Rideshare drivers, you are already obsolete.
Even as the cities and the state fight over regulating ridesharing services, you might as well get those legs ready for a future on the pedicabs. I’ll explain more on that in a moment. For now, though, you might see gold in your pocket as the hip hoards descended on Austin for South by Southwest, the city cratered this week to give Uber and Lyft a sweetheart deal to work Austin-Bergstrom International Airport for 45 days for a mere $2,500 fee. A couple of drunk-ride, surge-pricing fares ought to take care of that.
Last week, it appeared Lyft would be the only ride-booking company working at the airport during South by Southwest this year after the company signed an agreement that would have given the city 10 percent of all fares, with a minimum of $25,000 for the year. Uber had declined to sign a similar agreement.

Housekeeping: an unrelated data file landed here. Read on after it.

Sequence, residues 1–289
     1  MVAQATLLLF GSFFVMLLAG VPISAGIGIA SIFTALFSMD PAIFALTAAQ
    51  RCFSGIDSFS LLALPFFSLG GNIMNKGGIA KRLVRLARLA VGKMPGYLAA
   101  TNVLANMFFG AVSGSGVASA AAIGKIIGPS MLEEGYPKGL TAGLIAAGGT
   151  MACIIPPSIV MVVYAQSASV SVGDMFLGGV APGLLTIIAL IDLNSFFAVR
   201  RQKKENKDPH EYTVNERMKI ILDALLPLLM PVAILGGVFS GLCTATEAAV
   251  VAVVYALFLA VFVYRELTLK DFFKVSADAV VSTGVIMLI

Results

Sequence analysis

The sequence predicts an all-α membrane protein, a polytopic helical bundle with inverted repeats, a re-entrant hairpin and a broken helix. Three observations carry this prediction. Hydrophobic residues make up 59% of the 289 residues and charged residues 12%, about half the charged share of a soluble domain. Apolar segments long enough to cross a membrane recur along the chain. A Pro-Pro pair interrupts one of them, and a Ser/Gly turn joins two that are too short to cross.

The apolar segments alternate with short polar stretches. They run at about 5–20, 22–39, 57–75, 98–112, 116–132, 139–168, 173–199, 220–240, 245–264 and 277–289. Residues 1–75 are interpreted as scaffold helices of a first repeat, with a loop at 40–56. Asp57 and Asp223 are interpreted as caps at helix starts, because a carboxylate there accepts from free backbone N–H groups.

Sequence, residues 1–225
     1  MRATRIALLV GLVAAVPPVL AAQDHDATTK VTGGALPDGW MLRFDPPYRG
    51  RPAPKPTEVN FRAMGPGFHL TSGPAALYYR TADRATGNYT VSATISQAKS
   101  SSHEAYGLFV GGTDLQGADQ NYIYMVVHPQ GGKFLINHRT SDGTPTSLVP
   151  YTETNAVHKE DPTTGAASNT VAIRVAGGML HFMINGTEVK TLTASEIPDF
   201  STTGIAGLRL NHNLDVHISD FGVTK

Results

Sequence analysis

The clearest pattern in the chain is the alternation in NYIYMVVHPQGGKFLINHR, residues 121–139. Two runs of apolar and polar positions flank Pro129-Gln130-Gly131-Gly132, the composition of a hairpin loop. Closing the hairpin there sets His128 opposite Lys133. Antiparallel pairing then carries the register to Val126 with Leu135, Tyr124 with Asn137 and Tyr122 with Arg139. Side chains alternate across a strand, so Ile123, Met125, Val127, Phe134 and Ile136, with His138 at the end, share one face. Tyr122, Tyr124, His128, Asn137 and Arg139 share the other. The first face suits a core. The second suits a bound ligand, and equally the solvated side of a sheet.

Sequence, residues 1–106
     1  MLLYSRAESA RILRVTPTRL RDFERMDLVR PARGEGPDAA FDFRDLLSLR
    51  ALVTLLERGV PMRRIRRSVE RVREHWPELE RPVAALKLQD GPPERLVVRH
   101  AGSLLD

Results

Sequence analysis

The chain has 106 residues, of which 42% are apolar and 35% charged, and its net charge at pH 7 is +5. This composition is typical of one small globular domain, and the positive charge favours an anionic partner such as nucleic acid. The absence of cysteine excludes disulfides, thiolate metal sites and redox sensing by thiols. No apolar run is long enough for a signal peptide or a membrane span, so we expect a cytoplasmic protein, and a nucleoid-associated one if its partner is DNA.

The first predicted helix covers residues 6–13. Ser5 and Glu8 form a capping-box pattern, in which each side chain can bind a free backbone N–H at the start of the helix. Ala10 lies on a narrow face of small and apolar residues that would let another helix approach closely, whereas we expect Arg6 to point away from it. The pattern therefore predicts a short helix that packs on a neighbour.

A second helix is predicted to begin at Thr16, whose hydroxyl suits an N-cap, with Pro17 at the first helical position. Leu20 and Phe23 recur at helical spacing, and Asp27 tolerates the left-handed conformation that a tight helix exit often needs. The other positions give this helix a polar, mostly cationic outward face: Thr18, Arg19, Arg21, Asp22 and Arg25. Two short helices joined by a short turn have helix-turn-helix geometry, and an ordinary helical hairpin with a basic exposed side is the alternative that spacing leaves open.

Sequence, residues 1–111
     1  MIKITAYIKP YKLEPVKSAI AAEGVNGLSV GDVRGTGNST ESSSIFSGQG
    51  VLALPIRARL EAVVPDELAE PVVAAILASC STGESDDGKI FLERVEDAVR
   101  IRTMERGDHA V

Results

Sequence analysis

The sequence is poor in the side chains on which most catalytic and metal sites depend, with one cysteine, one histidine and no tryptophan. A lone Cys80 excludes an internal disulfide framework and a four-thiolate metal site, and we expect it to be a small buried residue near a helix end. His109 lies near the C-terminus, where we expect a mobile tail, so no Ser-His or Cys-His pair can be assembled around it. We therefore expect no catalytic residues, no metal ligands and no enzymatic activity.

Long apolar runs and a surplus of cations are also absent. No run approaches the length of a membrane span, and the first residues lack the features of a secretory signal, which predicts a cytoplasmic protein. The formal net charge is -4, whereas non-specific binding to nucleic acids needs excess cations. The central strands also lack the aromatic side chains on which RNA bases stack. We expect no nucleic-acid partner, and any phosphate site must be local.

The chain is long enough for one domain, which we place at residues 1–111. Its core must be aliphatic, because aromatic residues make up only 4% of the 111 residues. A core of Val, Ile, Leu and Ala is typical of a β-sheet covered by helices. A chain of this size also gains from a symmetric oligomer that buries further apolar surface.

For the drivers with dreams of filling your pockets with the expendable income of the South-bys, keep in mind that your long-term future as a part-time cabbie is as much in doubt as the traditional cabbies endangered by ridesharing apps. Driverless cars are on the horizon, according to a new report from McKinsey Global Institute, as recapped by the Detroit Free Press.
The first places we will see smaller autonomous vehicles likely will be in the growing networks of ride-sharing and car-sharing ventures such as Uber, Lyft and ZipCar. McKinsey’s research shows that the number of people who are members of such services has quadrupled worldwide to 4 million over the past four years.